Popular names occupied the leader board at the outset of play on Sunday, Gary Woodland’s not among them. It’s not that he is unpopular, only that as part of a cast that included Mickelson, Fowler and Rahm, Woodland was an extra.
He need not have been, maybe should not have been, had his career unfolded according to projections. Woodland’s coach, Butch Harmon, once said his talent was sufficient to carry him to No. 1 in the world.
That was six years, a few injuries and too many disappointments ago. He went 4½ years without a victory until he defeated Chez Reavie on the first playoff hole to win the Waste Management Phoenix Open on Sunday.
Woodland, 33, acknowledged that he has underperformed, “no doubt about that,” he said. But stardom typically is an uphill climb, and for some the slope is steeper. Woodland’s first sport was basketball, and he played a year of it at an NCAA Division II school, Washburn University, before transferring to Kansas to play golf.
He qualified for the PGA Tour in 2009, won in 2011 and again in 2013. “I probably got out here too soon,” Woodland said. “I got out here right away, and it was an adjustment, because my game wasn’t ready. And I won right way, so expectations got high.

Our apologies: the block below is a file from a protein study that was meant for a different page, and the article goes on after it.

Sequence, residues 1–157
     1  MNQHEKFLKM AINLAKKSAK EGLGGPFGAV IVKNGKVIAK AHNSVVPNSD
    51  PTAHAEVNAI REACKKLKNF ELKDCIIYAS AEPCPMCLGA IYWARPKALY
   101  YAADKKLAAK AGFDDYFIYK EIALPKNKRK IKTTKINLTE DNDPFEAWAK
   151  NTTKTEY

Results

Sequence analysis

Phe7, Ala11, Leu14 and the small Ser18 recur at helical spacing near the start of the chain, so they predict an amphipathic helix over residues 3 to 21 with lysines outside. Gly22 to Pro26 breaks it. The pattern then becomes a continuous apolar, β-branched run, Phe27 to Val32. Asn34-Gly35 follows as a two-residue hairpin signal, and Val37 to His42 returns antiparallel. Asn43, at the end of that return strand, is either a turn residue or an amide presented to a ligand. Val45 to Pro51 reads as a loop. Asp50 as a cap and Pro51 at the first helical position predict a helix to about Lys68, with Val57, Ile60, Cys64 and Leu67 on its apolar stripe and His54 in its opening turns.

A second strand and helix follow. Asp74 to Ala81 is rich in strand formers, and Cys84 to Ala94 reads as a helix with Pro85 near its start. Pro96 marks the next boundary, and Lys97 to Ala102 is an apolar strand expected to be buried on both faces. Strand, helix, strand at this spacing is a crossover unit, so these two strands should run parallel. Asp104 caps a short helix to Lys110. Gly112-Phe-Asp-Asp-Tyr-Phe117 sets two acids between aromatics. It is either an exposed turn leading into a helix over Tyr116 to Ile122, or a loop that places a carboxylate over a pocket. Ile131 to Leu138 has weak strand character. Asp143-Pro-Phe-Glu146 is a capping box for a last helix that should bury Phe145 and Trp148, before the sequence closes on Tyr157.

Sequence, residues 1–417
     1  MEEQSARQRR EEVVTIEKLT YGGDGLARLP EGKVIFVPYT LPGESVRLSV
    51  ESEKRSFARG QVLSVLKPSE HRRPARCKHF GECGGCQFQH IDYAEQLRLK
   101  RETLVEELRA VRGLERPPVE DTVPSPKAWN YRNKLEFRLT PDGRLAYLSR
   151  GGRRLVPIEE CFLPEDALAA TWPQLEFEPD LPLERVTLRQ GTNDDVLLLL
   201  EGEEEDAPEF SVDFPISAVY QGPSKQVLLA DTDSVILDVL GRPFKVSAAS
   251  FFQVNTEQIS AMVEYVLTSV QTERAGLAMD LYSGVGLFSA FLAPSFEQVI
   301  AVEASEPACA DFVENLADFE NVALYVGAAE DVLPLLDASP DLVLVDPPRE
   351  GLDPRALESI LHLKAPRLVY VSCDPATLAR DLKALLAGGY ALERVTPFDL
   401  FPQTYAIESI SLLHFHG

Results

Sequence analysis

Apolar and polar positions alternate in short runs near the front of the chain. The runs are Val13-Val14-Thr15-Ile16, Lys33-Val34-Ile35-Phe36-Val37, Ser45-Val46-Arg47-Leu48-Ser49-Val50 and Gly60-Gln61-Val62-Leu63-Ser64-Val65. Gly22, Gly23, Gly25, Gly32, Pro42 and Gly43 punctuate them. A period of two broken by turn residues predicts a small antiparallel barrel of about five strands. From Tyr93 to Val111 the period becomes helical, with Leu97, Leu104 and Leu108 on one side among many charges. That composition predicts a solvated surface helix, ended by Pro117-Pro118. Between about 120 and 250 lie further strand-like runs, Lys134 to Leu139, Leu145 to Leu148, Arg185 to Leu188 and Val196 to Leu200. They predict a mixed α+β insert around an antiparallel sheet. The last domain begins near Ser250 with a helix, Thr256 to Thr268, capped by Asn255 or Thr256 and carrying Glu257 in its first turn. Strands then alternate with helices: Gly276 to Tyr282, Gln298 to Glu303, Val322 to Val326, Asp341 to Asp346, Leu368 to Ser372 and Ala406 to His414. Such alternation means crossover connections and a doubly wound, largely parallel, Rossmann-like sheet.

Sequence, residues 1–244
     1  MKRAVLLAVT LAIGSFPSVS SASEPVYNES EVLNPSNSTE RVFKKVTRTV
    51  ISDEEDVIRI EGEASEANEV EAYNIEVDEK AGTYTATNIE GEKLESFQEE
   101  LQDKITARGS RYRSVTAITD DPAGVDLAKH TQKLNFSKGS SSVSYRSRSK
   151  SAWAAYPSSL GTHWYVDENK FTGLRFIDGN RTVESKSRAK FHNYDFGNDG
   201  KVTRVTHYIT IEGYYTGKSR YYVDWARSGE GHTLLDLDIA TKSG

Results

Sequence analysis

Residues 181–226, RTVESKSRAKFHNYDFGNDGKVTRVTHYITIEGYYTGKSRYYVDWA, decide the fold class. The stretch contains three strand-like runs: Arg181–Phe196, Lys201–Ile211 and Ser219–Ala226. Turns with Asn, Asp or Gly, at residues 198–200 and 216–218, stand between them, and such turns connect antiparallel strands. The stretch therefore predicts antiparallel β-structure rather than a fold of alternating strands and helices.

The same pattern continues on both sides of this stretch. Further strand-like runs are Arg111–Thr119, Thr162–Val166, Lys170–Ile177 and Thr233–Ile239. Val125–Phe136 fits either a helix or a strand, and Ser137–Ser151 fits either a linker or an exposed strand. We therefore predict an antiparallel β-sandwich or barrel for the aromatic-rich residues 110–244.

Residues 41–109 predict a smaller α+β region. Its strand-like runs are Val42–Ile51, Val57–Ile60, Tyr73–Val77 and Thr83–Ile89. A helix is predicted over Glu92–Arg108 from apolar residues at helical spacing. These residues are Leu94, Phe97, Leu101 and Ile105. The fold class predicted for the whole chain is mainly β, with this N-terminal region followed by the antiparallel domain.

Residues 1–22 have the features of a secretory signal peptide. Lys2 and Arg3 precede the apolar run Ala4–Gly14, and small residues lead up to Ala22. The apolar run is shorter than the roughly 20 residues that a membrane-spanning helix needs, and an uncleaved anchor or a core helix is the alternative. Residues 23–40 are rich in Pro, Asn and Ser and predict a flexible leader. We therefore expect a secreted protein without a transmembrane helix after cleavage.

“Everybody expects you to play well, and when you don't have the results, that's tough. So this validates that we're doing the right things. I believe I have a long way to go, but I believe I have a lot of time to do that and I'm excited about what the future holds.”
Woodland is a bomber, who continues to work with Harmon, but has been focusing on his short game with another popular instructor, Pete Cowen. “I've seen it coming for awhile,” he said. “I called Butch and said, 'we've got to figure out what's going on.' Obviously I haven't won in five years, but there's a reason for that, because my game's pretty good. I hit it pretty good. So he set me up with Pete to work on my short game.”
He also has worked on his putting with Brad Faxon, he said, and the pieces all came together at the TPC Scottsdale, notably when it counted most. He birdied the 15th, 16th and 17th holes on Sunday and posted the best round of the day, a seven-under par 64. He then won with a tap-in par after Reavie bogeyed the first playoff hole.
“It's been a long road, obviously,” he said. Woodland and wife Gabby were expecting twins last year, when she lost one of the babies in March. Then their son Jaxson was born 10 week prematurely.
"It's been a frustrating five years, but I've battled through it. Last year, mentally, I got off to a great start, game felt great and then we dealt with some family issues and that was tough. I had to deal with it internally, but physically I was playing well. So really I took off about four months but I found a way to get to the Tour Championship, kind of battled through the end of the year, and I couldn't wait for 2018 to start. Couldn't wait for 2017 to be over with.”
Moments after securing his victory on Sunday, he was holding Jaxson.
“He’s a miracle and puts this in perspective,” Woodland said, fighting off tears. “It obviously was a long year for us, but I’m very happy to be holding him and to be where I’m at today.”